The three other riders that Zynta had noticed before had rode on without them, not noticing their absence, but now they returned and Zynta could make out the faces of Qetsi, Selitha, and Ivire.
“What are you doing?” Selitha asked, “We need to keep going! Besides--” she stopped, seeing Zynta, “Oh, hello, Zynta. How’s your leg?”
“It’s fine. Where are we?”
“About eight miles into Enle’a.”
“How far from the capital?”
“Of Enle’a?” Selitha frowned, calculating, “About ten hours.”
Qetsi nodded, “If we keep a steady pace we should get there by tomorrow afternoon. But we need to start now.”
Everyone nodded in agreement and they kicked their horses into a gallop and rode off, continuing in direction of the Ele’an capital.
The Enle’an capital was bustling. The merchants had come in from across the sea the night before and today they were selling their wares. Silk, jewelry, dried dates and figs, sugar, salt, turmeric, and saffron were all for sale; the spices in elaborately carved boxes, the foods arranged on silver platters and the cloth wrapped in bolts around light and fragrant rosewood.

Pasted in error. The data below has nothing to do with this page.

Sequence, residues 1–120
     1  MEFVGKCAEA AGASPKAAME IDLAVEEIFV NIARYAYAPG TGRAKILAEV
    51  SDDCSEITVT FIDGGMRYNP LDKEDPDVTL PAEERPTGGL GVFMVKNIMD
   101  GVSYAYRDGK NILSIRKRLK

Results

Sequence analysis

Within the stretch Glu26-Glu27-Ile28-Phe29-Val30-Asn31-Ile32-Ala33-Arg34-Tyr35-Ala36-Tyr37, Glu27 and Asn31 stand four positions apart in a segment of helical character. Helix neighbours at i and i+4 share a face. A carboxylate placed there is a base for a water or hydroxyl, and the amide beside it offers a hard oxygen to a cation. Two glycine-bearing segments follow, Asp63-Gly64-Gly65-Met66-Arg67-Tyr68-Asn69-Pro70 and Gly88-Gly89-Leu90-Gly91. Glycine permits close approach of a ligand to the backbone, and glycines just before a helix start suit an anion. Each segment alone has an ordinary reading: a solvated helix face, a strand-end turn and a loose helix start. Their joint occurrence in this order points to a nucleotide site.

The people, inhabitants of both the city and the surrounding countryside, were milling around fingering the wares, asking prices, and haggling. At midday, three gypsy girls, an Enle'an boy and a Jornic woman, entered the city and began to wander through the stalls. They stopped several times to ask the direction to the palace before they found it, towering over the maze of stalls.
Zynta approached the guards nervously, not sure what to say. She turned to look back at Mathias, who shrugged as if to say, “I don’t know. . .”
After several awkward moments, Ivire stepped in front of Zynta and said to the guard, “Master Guard, we have a dire need of seeing the king Raffe of Enle’a. We have found something that he lost many years ago and will be wanting back.
“And what might that be?”the guard asked skeptically.
Ivire leaned forward and whispered something in his ear. When he heard this, the guard bowed low, then disappeared inside. In a few moments, he returned, “Your Majesty Ivire, the king is holding court and is not able to receive you now.” he paused, then continued after taking a long look at Ivire’s ragged dress, “. . . perhaps you’d like to come in and change you garments or take a bath.”